• Let's get a dog park at the new Green Road Reserve in Auckland
    Rodney Local board are currently asking "If you were building a new park the size of Auckland’s Cornwall Park, what would you put in it?" They are currently seeking feedback until 21st September 2018. There are over 100,000 registered dogs in Auckland and 33% of them are located north of the Harbour Bridge. One of the key elements of animal welfare for dogs is regular exercise so having dedicated dog areas is important to give dogs the best chance of being well behaved. Also important is to have off leash exercise areas as this helps to have good dog social encounters (this does not always happen if dogs are on lead) and for dogs to have maximum enrichment opportunities while being exercised. Having a fenced dog park within the dog exercise area would also help those with young or new dogs in developing recall when off lead and allow you to train your dog in a safe environment. We believe that Christchurch has great dog parks and dog exercise areas including The Groynes, Victoria Park and Bottle Lake Forest Park. Many are fenced and feature agility equipment. It would be fantastic to get something similar for Auckland dogs and their families to use. In the last year Auckland dog owners paid Auckland Council over $8 Million dollars in dog registration fees. It would be encouraging and positive for those who pay their dog registration fees to see their money being invested in an asset that they can use with their dogs. If you'd like to find out more, or to complete council's feedback survey on what should be part of this reserve, then just click on this link below: http://ourauckland.aucklandcouncil.govt.nz/articles/news/2018/8/help-shape-tomorrow-s-park/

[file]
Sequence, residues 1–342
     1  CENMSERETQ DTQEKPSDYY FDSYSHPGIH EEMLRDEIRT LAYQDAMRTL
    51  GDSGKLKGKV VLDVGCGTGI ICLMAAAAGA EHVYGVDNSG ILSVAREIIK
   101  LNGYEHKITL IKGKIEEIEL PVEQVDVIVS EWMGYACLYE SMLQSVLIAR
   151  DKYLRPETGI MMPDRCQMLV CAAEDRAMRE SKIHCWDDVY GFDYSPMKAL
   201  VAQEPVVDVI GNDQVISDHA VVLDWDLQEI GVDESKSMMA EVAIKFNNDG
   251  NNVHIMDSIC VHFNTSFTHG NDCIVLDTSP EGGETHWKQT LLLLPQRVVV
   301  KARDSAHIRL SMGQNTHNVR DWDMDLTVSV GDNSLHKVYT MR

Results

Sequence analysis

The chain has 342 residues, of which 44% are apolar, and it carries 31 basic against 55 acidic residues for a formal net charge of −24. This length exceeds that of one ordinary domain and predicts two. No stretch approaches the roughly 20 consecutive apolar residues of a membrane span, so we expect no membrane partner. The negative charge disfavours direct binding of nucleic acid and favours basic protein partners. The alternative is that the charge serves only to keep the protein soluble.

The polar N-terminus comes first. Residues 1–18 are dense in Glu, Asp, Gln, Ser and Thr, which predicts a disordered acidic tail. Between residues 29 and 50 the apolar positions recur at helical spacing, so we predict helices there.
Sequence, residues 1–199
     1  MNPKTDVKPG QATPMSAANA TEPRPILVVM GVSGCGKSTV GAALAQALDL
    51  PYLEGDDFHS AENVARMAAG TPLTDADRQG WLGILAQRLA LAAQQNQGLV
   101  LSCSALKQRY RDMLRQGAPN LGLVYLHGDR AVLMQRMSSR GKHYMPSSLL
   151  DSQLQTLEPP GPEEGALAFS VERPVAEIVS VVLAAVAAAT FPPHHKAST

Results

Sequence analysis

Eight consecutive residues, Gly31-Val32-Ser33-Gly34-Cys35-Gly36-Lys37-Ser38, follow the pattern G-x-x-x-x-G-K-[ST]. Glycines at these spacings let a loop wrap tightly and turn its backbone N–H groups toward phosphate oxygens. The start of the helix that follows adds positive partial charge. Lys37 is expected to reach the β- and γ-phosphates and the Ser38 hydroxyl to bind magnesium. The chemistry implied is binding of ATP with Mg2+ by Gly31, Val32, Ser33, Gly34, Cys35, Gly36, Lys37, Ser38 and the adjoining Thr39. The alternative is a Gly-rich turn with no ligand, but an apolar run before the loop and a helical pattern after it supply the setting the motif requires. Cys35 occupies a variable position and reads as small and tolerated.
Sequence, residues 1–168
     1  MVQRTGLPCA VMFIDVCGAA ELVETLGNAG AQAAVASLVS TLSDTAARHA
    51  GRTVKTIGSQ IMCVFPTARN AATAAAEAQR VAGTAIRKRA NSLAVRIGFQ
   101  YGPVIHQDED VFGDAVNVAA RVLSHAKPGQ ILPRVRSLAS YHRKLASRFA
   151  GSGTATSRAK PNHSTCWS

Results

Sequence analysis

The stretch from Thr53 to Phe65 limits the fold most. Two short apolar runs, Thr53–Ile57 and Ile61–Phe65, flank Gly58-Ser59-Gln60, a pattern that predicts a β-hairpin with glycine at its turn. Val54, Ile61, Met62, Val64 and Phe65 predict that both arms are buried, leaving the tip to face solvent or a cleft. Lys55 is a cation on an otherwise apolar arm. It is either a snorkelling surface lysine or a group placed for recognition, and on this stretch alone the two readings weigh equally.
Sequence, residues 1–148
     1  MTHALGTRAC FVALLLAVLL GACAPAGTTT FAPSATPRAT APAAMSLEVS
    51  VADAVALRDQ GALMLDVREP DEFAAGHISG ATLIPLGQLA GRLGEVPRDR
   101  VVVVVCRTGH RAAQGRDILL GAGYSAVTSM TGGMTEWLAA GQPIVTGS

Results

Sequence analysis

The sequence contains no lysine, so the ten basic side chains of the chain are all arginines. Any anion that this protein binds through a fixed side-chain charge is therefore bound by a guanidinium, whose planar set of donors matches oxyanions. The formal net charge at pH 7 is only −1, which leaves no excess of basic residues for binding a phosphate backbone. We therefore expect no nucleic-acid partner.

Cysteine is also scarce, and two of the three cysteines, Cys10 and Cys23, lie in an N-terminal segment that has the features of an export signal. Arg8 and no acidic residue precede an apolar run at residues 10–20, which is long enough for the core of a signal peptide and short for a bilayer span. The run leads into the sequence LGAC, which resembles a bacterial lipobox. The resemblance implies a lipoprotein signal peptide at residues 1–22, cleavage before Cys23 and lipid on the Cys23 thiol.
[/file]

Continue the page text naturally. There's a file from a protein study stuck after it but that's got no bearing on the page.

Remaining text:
585 of 600 Signatures
    Created by Claire Teirney
  • Divest the NZ DHBs of the responsibility of Nursing 'safe staffing' agreement